Ogaya R., Peñuelas J. (2003) Comparative field study of Quercus ilex and Phillyrea latifolia: Photosynthetic response to experimental drought conditions. Environmental and Experimental Botany. 50: 137-148.EnllaçDoi: 10.1016/S0098-8472(03)00019-4
Quercus ilex and Phillyrea latifolia growing in a holm oak forest in Prades mountains (NE Spain) were subjected to experimental drought conditions. Soil water availability was reduced about 15% by plastic strips and funnels that partially excluded rain throughfall and by ditch exclusion of water runoff. Diurnal courses of maximum photochemical efficiency of PSII (Fv/Fm), apparent photosynthetic electron transport rate (ETR), net photosynthetic rate (A), transpiration rate (E) and water use efficiency (WUE) were measured in sunlit and shade leaves of both species during 2 years. Moreover, the responses of photosynthetic rates to PPFD and CO 2 concentrations were also measured. Q. ilex experienced lower E rates and higher A rates and WUE than P. latifolia throughout the experimental period, but during summer drought these differences disappeared. Q. ilex exhibited a less cold sensitive behavior whereas P. latifolia showed a more heat-drought resistant behavior. Under severe summer drought conditions none of the two species was able to reach a positive carbon gain. Drought treatment produced a slight decrease in Fv/Fm values of Q. ilex plants and a strong decrease in Fv/Fm values of P. latifolia only in winter 2000, when drought stress coincided with cold stress. Drought treatment produced also a slight decrease in ETR values of both species. During midday, A and E rates decreased in drought plots in both species associated to lower photochemical efficiencies. In those drought plots, only P. latifolia was able to increase WUE by reducing transpiration losses during midday. Both species tended to present higher A rates for a given soil humidity in drought than in control plots. However, whereas Q. ilex A rates increased with soil humidity, P. latifolia A rates did not increase above 17% soil humidity, showing no water availability response above such threshold. It is very likely that mesic species such as Q. ilex lose competitive advantage in the drier environment forecasted for next decades than the more xeric P. latifolia. © 2003 Elsevier Science B.V. All rights reserved.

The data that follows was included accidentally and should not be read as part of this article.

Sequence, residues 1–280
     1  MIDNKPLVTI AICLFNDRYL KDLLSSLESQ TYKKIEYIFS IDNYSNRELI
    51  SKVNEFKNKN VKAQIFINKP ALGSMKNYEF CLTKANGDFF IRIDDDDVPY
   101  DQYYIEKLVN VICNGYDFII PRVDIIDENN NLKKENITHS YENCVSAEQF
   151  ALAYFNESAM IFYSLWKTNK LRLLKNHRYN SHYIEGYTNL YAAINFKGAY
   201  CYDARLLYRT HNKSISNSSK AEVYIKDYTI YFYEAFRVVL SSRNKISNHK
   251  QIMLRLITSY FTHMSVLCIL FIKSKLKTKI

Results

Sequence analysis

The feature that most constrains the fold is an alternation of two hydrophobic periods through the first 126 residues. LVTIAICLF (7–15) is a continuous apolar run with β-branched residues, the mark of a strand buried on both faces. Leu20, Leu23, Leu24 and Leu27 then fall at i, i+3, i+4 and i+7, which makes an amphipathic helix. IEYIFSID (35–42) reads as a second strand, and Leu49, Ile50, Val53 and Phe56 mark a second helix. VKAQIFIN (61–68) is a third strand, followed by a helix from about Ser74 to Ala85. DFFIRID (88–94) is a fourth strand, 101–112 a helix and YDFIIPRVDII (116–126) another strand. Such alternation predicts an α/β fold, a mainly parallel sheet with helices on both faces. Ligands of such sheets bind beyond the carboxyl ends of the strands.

Ogaya R., Peñuelas J., Martínez-Vilalta J., Mangirón M. (2003) Effect of drought on diameter increment of Quercus ilex, Phillyrea latifolia, and Arbutus unedo in a holm oak forest of NE Spain. Forest Ecology and Management. 180: 175-184.EnllaçDoi: 10.1016/S0378-1127(02)00598-4
The present study was carried out to elucidate the drought growth responses of Quercus ilex L., Phillyrea latifolia L., Arbutus unedo L., and other accompanying woody species of the Mediterranean holm oak forest. We submitted holm oak forest stands in Prades mountains (NE Spain) to a 2-year experimental drought. We reduced soil water availability about 15% by plastic strips and funnels that partially excluded rain throughfall and by ditch interception of water runoff. Mean stem diameter increment showed a great variation depending on the species. A. unedo had larger growth rates than Q. ilex and P. latifolia, but it was also the species that experimented the highest growth reduction in the drought plots (77%), suggesting a higher drought sensitivity than Q. ilex (55%) and P. latifolia (no drought effect). The growth reduction was specially marked in the larger trees. Aboveground stand biomass increment, estimated from stem diameter by allometric relationships, was 1.9 Mg ha-1 per year in the control plots. The 15% reduction in the upper soil moisture produced 42% reduction in this biomass increment. In the drier conditions predicted in this Mediterranean area in the frame of climate change, an important reduction of growth rates can be hence expected, accompanied by a gain of dominance of drought-tolerant species such as P. latifolia in detriment of more mesic species such as Q. ilex. © 2002 Elsevier Science B.V. All rights reserved.
Penuelas J., Boada M. (2003) A global change-induced biome shift in the Montseny mountains (NE Spain). Global Change Biology. 9: 131-140.EnllaçDoi: 10.1046/j.1365-2486.2003.00566.x
Shifts in plant species and biome distribution in response to warming have been described in past climate changes. However, reported evidence of such shifts under current climate change is still scarce. By comparing current and 1945 vegetation distribution in the Montseny mountains (Catalonia, NE Spain), we report here a progressive replacement of cold-temperate ecosystems by Mediterranean ecosystems. Beech (Fagus sylvatica) forest has shifted altitudinally upwards by ca. 70 m at the highest altitudes (1600-1700 m). Both the beech forests and the heather (Calluna vulgaris) heathlands are being replaced by holm oak (Quercus ilex) forest at medium altitudes (800-1400 m). This beech replacement has been observed to occur through a progressive isolation and degradation of beech stands. In 'isolated' (small and surrounded by holm oaks) beech stands, beech trees are 30% more defoliated, beech recruitment is 41% lower, and holm oak recruitment is three times higher than in 'continental' (large and continous) beech stands. The progressively warmer conditions, complemented by the land use changes (mainly the cessation of traditional land management) are the apparent causes, providing a paradigmatic example of global change affecting distributions of plant species and biomes.